I worked such long hours that spring that I told Michael not to wait if he got hungry, just to go ahead and eat dinner by himself. The company I worked for was growing like crazy. We were hiring people every day, and I had a new crop of people in new-employee orientation every Monday. I could hardly remember their names, much less their stories. The forty or so hiring managers in the company were on me like white on rice, as my Arkansas father-in-law would say: where are the candidates? Where's that background check, and that offer letter? I was having fun and going out of my mind at the same time.
One Thursday I left the office unusually early, for me -- around 6:15 p.m. I figured if I stopped at Flavorland, my favorite Indian take-out place, I could get to our condo in Rogers Park and surprise Michael before he started making something to eat alone. As I crossed the parking lot a huge clap of thunder boomed. When I turned the key in the ignition, sheets of rain started falling. Man, I hit that right, I said to myself. I would have been soaked if the rain had come any sooner.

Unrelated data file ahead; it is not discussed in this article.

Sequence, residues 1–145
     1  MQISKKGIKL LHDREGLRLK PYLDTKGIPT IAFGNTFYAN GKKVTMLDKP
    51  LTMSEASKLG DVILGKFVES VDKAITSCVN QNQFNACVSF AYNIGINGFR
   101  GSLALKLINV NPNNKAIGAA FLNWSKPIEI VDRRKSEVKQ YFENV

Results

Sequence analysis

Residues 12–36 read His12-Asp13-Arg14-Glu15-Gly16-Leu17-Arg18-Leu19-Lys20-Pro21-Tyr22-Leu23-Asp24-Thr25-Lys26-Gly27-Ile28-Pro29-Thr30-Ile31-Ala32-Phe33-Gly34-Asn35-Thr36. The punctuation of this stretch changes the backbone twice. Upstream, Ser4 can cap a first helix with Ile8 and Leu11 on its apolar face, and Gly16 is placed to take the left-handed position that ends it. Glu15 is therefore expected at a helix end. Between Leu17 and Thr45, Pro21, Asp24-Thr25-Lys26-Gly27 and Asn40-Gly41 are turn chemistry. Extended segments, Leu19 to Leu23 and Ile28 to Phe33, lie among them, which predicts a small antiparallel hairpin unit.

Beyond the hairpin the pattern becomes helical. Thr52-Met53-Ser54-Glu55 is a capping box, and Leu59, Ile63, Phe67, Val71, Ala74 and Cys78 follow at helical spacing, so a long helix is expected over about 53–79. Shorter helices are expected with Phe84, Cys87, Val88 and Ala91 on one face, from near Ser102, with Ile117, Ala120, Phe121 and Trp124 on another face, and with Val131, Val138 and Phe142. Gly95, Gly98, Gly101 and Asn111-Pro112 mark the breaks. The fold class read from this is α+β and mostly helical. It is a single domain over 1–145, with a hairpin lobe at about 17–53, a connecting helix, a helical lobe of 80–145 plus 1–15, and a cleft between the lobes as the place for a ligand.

It was raining so hard by the time I came out of the parking lot, I could hardly see with the wipers going their fastest. Traffic was backed up in every direction. I inched forward as the traffic and the rain allowed. Through the downpour I could see someone walking on the sidewalk, alongside me. It was almost too dark to make out a face. Then she stepped into a bus shelter and I could see her clearly. It was a young co-worker of mine (Lia? Alissa? I couldn't remember) from Tech Support. She was in her mid-twenties, a little younger than me. The girl from Tech Support was completely soaked from her short walk, drenched to the bone. I was stopped in traffic in the rightmost lane. I pushed the button to open the window on the car's passenger side. "Get in, Lia!" I called. She saw me, and startled. She took a step toward the car. "I'm sorry, I forgot your name," I said. "I'm Liz, from HR. Please get in!"